While family history is a strong risk factor, both genetic and environmental factors contribute

Family history was an important risk factor for aortic dissection, a large cross-sectional study of the Taiwanese national data registry found.

History of aortic dissection in first-degree relatives was linked to increased risk for aortic dissection (RR 6.82, 95% CI 5.12-9.07), reported Pao-Hsien Chu, MD, of the Chang Gung Memorial Hospital in Taiwan, and coauthors, in the Journal of the American College of Cardiology.

Excluding patients with Marfan syndrome or bicuspid aortic valve, family history of aortic dissection was associated with an RR of 6.56 (95% CI 4.92-8.77) for aortic dissection. Heritability of aortic dissection was estimated as 57% for genetic factors, 3% for shared environmental factors, and 40% for non-shared environmental factors.

Follow-up analysis comparing late outcomes of propensity-matched aortic dissection patients with and without family history of aortic dissection patients showed patients with family history had a higher risk of later aortic surgery (sub-distribution HR 1.40; 95% CI 1.12-1.76).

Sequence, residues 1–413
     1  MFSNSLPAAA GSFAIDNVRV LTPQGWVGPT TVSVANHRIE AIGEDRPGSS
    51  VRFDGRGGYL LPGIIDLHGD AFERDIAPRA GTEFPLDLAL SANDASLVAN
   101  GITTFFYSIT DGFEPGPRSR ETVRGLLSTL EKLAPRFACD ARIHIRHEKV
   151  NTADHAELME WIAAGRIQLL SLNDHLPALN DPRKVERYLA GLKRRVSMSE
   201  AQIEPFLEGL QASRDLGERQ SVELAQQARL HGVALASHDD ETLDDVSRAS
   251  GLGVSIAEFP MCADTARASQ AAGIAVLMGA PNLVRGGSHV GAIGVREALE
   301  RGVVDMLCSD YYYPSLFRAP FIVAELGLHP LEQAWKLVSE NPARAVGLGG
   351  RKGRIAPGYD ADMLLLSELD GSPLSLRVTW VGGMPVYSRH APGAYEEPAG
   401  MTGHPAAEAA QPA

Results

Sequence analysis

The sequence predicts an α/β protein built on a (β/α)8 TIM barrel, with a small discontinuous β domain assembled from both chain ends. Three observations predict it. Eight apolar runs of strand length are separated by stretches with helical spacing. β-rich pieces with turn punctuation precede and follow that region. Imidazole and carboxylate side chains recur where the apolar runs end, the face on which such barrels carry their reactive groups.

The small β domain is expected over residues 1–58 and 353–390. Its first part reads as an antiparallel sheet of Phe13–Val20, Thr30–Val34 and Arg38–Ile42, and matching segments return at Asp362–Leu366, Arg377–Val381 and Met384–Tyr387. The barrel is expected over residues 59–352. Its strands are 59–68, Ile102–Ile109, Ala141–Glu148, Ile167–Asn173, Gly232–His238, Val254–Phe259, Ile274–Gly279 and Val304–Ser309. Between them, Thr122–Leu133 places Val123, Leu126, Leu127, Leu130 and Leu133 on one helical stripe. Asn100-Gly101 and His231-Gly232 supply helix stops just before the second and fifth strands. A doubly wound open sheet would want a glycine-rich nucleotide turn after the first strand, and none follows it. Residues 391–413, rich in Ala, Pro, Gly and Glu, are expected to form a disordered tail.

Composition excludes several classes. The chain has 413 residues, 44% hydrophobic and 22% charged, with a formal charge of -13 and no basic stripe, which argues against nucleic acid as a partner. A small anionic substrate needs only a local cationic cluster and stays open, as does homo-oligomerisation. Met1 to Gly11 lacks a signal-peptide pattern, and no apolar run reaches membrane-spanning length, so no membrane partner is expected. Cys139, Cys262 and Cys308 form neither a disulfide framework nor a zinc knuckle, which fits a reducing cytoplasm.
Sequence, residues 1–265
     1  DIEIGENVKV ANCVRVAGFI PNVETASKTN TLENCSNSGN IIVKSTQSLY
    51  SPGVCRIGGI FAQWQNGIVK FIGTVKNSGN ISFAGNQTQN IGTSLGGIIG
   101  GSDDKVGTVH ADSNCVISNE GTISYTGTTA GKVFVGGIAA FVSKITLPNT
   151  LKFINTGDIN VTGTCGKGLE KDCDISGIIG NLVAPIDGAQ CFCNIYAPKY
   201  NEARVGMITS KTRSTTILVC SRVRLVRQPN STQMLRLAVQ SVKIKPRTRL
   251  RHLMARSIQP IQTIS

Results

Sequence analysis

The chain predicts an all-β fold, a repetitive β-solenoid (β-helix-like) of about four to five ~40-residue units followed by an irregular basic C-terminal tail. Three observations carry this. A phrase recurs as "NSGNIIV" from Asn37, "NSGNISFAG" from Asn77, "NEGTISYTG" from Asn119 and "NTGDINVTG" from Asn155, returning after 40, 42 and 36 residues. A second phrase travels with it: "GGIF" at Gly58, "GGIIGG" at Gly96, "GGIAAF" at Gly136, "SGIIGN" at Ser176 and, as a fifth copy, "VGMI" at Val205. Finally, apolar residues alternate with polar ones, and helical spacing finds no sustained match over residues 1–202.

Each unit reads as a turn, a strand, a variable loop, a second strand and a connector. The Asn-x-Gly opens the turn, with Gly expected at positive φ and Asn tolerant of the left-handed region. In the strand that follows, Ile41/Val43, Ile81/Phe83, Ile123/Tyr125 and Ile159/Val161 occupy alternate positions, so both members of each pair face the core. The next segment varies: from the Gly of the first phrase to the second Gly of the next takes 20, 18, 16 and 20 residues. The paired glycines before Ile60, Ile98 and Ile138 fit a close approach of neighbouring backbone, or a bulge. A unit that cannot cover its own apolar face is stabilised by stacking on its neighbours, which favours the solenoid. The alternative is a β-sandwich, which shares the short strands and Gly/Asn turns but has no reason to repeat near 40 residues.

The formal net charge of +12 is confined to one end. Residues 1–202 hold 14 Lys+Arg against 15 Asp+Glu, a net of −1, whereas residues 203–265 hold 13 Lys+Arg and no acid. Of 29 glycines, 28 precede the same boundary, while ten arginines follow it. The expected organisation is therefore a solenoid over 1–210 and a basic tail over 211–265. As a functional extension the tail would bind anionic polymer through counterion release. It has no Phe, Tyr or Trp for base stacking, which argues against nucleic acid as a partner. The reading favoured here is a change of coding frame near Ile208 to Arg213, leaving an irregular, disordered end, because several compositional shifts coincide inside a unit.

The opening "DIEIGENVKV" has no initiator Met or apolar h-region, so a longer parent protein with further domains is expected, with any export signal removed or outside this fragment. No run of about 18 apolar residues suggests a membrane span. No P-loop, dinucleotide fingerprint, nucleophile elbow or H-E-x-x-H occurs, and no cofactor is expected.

“A family history was a strong risk factor for aortic dissection, with or without syndromes related to aortic disease, and both genetic and environmental factors contributed to the overall risk of aortic dissection,” Chu and colleagues wrote. “Furthermore, a family history of aortic dissection in the patients with aortic dissection was associated with a higher risk of later aortic surgery.”

“We recommend routine imaging and genetic screening of individuals with a family history of aortic dissection,” they added. “Close surveillance and aggressive control of risk factors or even preventive aortic replacement in high-risk populations may decrease the frequency of dissection and possibly reduce mortality through an earlier preclinical diagnosis in affected families.”

In an accompanying editorial, John Elefteriades, MD, and Bulat Ziganshin, MD, PhD, both of Yale University, wrote, “The thrust of the study, like that of our earlier work, is that families with dissection manifest a much higher virulence of the aneurysmal disease.

“The [present study] found a 6.7-fold increase in prevalence of aortic dissection in families with a history of aortic dissection, much greater than the 2.7-fold increased risk in our study,” they continued. “The Taiwanese study compared dissection incidence to that of the general population, whereas our study compared to incidence in aneurysm families without a history of dissection. Thus, it makes sense that the comparison of incidence of aortic dissection would be much stronger with the general population as the comparator, rather than our already enriched comparison group.”

The editorialists also highlighted study findings that showed the prevalence of aortic dissection increased with advancing age, and that familial aortic dissection occurred at a younger age than non-familial dissection.